Tuesday, February 20, 2007

To Tell The Truth

I read recently that golf balls originally had no dimples. They were perfect spheres, round and smooth. When a golfer made his swing, pulled the club back in an arc over his shoulder and brought it back down to hit the ball, the trajectory was more like a baseball line drive than a basketball floating jumper.

The story goes that only after a ball had been used for a while, whacked and beaten, scuffed and bruised, did it begin to take off, to lift into the air high above the heads of the golfers and caddies and spectators. It became obvious that the game was more interesting this way and in 1909 the Spalding Company began manufacturing balls with dimples, that is, imitation defects.
It is said that a dimpled golf ball will travel almost two and a half times farther than a smooth one.

Isn’t that a great story? A morality tale that reminds us that being used over and over isn’t always a negative thing. That paying attention to the way things work, rather than the way they are supposed to work, is the first step toward innovation. That it is sometimes the wounds we receive and the scars that remain that give us the loft to fly higher and farther.

I know some people who have been golf balls. People who rose to their greatest heights after having been beat up a few times. And people who started their lives’ journeys with all the right things – good family, intelligence, enough money – , but who didn’t accomplish much in the way of obtaining their hearts’ desires until they’d been through some days when it seemed as though all the blinds in the world had been drawn shut and it would never be light again. And people who remembered that it was a game and just stayed in it, confident that sooner or later the odds would fall in their favor.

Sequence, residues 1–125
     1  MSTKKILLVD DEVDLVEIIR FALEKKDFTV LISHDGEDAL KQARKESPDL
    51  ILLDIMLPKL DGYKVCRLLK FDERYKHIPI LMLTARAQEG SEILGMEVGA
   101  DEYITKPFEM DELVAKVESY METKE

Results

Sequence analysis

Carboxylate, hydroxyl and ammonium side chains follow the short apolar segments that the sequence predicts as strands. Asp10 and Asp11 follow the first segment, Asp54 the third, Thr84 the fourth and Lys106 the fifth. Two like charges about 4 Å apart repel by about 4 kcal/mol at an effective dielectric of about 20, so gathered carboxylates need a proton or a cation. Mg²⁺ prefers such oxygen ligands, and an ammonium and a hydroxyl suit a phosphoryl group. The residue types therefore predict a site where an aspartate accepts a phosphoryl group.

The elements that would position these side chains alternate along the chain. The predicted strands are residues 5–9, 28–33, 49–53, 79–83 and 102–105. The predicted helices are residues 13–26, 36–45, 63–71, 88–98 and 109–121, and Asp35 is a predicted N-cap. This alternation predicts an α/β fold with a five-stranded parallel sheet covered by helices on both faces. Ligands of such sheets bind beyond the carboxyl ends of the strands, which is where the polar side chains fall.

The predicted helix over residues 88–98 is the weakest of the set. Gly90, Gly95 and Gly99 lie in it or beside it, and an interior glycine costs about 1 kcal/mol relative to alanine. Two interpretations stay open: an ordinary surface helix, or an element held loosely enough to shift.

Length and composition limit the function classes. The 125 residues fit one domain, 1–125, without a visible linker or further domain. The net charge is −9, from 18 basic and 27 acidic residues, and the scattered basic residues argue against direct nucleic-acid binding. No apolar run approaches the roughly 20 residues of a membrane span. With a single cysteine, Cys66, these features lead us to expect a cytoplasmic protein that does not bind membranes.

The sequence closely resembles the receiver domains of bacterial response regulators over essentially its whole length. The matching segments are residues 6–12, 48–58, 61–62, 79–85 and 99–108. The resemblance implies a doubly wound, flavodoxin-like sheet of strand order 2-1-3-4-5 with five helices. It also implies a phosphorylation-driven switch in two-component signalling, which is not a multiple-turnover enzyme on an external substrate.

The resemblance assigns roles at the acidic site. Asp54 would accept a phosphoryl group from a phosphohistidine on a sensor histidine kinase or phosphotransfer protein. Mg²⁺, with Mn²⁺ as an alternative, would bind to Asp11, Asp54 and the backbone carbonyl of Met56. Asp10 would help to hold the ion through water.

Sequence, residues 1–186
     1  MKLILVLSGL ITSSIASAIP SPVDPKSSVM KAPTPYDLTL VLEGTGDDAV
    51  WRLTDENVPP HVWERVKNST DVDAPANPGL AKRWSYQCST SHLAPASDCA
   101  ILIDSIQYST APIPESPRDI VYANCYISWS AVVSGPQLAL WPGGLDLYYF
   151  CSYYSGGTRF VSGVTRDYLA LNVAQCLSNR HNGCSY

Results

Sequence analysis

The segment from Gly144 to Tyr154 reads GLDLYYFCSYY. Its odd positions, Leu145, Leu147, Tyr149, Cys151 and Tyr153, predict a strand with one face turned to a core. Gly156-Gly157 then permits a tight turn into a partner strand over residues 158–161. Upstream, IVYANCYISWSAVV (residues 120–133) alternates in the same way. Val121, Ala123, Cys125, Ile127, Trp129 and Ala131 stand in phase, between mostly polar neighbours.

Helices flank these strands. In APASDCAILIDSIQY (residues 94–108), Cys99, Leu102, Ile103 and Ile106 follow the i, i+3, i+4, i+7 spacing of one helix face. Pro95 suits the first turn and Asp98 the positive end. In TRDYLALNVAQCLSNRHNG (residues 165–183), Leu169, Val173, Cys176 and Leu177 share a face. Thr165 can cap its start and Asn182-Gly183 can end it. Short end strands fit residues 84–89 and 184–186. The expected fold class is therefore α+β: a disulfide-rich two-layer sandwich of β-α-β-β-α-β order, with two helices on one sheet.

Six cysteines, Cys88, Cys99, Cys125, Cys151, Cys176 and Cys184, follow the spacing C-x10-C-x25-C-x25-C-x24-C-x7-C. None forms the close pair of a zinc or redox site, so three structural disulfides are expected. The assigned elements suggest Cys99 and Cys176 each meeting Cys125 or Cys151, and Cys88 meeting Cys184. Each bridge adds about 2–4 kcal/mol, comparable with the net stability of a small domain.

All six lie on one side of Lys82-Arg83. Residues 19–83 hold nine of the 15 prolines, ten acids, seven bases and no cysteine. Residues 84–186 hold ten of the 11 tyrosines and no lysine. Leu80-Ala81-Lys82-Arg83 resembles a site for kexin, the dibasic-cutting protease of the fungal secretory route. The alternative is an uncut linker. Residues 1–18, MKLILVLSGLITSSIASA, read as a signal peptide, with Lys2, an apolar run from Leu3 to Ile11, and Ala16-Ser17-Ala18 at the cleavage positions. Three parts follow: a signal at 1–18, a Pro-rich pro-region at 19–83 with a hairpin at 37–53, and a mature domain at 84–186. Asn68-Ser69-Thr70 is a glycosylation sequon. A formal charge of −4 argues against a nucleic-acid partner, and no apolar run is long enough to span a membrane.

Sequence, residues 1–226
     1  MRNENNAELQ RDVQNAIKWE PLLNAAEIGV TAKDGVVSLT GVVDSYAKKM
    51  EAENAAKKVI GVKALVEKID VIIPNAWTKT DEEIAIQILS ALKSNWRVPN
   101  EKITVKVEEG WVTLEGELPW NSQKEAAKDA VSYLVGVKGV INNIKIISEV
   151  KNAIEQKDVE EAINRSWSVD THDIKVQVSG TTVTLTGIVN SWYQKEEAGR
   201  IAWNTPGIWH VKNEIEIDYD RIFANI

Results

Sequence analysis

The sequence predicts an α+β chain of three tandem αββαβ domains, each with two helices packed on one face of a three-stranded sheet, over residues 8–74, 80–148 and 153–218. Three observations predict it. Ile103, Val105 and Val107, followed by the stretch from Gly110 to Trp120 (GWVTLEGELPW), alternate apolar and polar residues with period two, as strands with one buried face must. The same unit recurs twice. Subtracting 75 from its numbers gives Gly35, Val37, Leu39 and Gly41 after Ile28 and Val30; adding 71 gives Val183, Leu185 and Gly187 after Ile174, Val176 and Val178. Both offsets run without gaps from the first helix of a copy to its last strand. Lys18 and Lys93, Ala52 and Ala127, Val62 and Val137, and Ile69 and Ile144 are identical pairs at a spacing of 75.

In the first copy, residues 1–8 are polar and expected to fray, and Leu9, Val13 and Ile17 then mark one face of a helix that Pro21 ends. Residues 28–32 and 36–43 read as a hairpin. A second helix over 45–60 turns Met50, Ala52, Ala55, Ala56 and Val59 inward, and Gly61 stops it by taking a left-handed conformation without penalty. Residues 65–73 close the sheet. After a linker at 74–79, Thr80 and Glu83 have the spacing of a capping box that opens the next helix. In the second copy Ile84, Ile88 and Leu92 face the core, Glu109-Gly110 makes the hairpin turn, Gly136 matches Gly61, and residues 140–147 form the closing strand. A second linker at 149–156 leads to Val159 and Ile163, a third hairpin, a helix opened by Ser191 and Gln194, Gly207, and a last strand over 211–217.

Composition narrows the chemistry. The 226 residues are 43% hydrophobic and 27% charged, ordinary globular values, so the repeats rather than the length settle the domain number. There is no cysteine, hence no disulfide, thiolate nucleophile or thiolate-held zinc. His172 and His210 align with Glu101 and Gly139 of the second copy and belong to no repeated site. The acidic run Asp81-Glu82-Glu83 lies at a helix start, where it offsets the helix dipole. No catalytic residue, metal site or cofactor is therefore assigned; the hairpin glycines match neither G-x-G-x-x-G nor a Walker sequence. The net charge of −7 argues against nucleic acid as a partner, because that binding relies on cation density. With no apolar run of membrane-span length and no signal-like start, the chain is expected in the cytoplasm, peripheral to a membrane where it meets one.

Yeh, the golf ball story is a great one. Except it may not be factual. The Spalding Company website, which has an extensive section called Heritage, doesn’t mention 1909 at all. And it certainly seems that such an event, a modification that changed the whole game, would merit some mention if it actually happened.

That doesn’t mean, of course, that it isn’t true. There is a big difference between factual and true. Facts are verifiable. Scientifically provable. Authenticated, corroborated, substantiated by independent sources. Facts are universally recognized.